In the wake of a tragedy like the attacks in Paris last week, you can expect to encounter certain kinds of things on Twitter and Facebook: somber tributes, breaking news stories, righteous videos that express your reactions. What you can also expect is that many of those things, all pegged to the same recent event, will be months — or even years — old.
In the days after the attacks, two stories rapidly began to circulate on Facebook: a 2014 video of Iranian-American scholar Reza Aslan on CNN disputing comments made by comedian Bill Maher regarding ISIS and Islam, and a BBC news story from April of this year about Al Shabaab militants storming a Kenyan university, killing 147 people. Both the video and the news story have gone viral; last Sunday, the Kenya attack was the most-clicked article on the BBC website, garnering 10 million page views over two days — almost four times as many as when the story was originally published.
Now that social media is the dominant place for news to be reported, distributed, consumed, analyzed, and discussed, its odd relationship to time is becoming more and more apparent. The canonical example might be the ever-recurring death of Nigerian author Chinua Achebe: In March of this year, Twitter resounded with grief over Achebe’s death, reported in the the New York Times. The only problem: Achebe died on March 22, 2013, exactly two years prior, a date clearly stated in the article.
Joshua Benton at Harvard’s Nieman Lab tried to track down the originator of the 2015 redux, to no avail. But he offered up some theories about why it popped up again. Benton suggests that social media is fundamentally “unstuck in time” — not just because old stories are being shared by mistake, but because the endless space of the internet allows Facebook and other publishers to resurrect old stories hoping for renewed interest and clicks. “The stream metaphor of Twitter and Facebook drops the illusion of chronology,” he wrote, “and its relentless flow makes it inevitable that we’ll miss things along the way.”
But it’s not just that social media finds time mostly irrelevant. It’s that we do, too. Aslan’s stirring defense of Muslims may have been recorded in response to a Maher comment from last year, but it remains relevant. The anti-Muslim argument remains the same, making Aslan’s impassioned retort just as applicable. Why does it matter that it’s a few months old? While it is likely that many who shared the video last week thought it was new, its resurfacing this week could only have happened from others remembering it and finding renewed relevance in its message.
This was, in fact, one of the reasons that the BBC article about Kenya resurfaced so quickly. It seems to have gotten its initial bump from people who, with full knowledge of its date, wanted to make the point that Western media wasn’t covering non-Western countries as prominently as they were Paris. But then, of course, it was picked up by people who weren’t aware that it was months old.
In this sense, the temporality of social media seems odd only because of its multiple uses. When we think of Twitter or Facebook as newswires — sources of new information — it becomes odd to see old or out-of-date content. But when they’re thought of as places for discussion and gathering, it makes perfect sense that old-but-still-relevant information and arguments would be shared — as they often are in offline discussion. As Facebook seeks to mediate all online behavior, it will have increasing difficulty adequately communicating to people the contexts of each piece of content: Is this a piece of news? A remembered argument? Both? Neither?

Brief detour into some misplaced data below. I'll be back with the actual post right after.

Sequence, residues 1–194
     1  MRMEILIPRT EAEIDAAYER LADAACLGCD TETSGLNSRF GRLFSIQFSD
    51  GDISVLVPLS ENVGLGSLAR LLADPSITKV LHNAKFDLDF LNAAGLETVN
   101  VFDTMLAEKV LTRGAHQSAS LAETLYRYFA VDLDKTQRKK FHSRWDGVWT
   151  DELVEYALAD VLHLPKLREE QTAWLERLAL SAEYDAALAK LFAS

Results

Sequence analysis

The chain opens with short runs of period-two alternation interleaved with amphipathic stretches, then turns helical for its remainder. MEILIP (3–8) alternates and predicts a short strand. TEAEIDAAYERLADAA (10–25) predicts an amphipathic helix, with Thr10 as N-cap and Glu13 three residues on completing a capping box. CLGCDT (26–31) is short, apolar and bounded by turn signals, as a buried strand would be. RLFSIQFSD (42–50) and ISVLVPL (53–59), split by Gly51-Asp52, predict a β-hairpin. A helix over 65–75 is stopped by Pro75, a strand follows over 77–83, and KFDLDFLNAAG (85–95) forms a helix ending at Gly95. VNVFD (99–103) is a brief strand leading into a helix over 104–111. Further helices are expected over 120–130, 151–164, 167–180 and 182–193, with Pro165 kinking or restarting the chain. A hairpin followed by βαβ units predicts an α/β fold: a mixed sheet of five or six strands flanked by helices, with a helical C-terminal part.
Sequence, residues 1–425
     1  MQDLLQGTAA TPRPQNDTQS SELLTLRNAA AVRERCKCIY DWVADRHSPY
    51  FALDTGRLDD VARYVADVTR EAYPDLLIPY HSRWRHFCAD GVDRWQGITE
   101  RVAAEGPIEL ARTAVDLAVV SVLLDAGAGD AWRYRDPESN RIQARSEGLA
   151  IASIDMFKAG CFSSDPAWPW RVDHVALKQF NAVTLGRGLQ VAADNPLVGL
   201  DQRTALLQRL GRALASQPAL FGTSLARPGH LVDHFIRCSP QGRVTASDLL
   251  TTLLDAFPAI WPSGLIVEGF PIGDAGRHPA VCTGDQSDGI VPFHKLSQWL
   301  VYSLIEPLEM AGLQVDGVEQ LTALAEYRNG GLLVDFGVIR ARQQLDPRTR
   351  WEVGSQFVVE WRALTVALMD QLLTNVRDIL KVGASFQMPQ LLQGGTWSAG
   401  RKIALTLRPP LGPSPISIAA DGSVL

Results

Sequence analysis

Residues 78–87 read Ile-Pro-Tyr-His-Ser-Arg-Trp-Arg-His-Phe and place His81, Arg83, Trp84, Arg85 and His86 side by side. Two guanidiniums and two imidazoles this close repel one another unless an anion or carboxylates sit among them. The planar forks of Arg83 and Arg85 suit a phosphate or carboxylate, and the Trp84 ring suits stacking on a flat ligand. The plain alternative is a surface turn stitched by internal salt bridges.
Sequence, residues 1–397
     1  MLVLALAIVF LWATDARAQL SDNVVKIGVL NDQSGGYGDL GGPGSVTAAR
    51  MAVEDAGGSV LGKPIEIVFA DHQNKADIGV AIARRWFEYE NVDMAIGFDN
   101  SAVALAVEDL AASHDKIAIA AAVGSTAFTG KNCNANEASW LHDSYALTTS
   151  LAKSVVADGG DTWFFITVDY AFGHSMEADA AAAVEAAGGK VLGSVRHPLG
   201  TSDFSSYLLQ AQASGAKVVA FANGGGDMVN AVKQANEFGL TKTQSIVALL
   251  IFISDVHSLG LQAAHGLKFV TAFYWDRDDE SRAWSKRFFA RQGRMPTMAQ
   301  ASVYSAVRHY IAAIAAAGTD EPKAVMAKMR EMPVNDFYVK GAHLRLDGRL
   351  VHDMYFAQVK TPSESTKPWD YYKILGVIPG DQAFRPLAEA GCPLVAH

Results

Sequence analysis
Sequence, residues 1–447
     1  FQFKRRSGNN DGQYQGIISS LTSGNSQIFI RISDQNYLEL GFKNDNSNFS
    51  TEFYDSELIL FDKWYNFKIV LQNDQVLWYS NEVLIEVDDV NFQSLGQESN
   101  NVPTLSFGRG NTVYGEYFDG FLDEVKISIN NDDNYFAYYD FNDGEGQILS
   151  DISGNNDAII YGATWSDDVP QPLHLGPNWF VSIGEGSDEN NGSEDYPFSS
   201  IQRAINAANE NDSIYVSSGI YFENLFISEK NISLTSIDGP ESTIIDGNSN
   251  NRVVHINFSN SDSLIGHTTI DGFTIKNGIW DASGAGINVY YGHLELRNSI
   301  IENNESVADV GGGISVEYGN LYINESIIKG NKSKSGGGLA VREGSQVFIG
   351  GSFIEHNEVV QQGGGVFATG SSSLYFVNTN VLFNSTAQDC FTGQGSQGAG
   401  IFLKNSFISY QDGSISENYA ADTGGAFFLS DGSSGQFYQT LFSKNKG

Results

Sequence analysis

This is, ultimately, why you can always expect to see resurrected zombie content lumbering across your feeds: Because Facebook and Twitter now mediate your relationship to news, not newspapers or magazines. As the BBC itself pointed out, the Kenya shooting was written about, and often — but that’s not the same thing as people seeing it. As internet users, we exist in echo chambers, where what we see reflects the interests and beliefs we already hold. With the aid of social-media platforms, we create echo chambers for ourselves, based on who we choose to friend and follow, the links we click on, what we choose to read. It’s a game of association, based on who we associate with online, as well as the thematic associations between types of content. News agencies and aggregators alike vie for access to our echo chambers, with inevitable overlap, delays, and resurrections of content. Republishing old stories is part of the landscape and, when it comes to social media, considered crucial to success.
News organizations are no longer the masters of their own distribution; over half of Facebook and Twitter users get their news from those platforms, a percentage that’s only increasing. Digital media doesn’t deteriorate; the physical cues that might help a reader immediately figure out the age of a given story are gone. This can help those news organizations reach a wider audience, but it also means that each article or video is now forced to be a stand-alone unit of consumable content, rather than one component of an entire newspaper or magazine. Stripped of context, stories exist eternally, forever available, forever relevant. What’s really at stake isn’t social media’s relationship to time — it’s news’ relationship to it.